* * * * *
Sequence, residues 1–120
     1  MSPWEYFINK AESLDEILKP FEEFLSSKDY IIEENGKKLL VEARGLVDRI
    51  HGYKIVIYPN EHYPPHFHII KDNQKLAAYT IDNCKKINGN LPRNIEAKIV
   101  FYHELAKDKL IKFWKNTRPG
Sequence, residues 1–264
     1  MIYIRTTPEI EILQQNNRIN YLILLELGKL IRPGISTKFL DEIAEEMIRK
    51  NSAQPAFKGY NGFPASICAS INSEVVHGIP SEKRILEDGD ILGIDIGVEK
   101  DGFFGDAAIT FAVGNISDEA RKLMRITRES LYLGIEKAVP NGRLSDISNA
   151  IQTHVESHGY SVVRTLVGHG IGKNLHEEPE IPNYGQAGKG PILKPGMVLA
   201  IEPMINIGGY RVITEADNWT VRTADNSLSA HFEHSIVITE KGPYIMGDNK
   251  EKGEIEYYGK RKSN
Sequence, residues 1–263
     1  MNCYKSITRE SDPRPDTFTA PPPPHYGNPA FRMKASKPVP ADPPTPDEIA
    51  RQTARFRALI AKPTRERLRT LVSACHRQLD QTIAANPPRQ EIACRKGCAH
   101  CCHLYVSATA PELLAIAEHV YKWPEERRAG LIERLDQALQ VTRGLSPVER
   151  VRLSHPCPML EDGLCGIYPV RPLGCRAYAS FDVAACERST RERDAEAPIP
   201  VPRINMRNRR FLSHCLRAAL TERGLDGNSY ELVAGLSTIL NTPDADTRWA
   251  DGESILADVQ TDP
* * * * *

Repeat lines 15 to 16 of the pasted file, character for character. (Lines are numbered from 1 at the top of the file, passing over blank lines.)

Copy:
   101  CCHLYVSATA PELLAIAEHV YKWPEERRAG LIERLDQALQ VTRGLSPVER
   151  VRLSHPCPML EDGLCGIYPV RPLGCRAYAS FDVAACERST RERDAEAPIP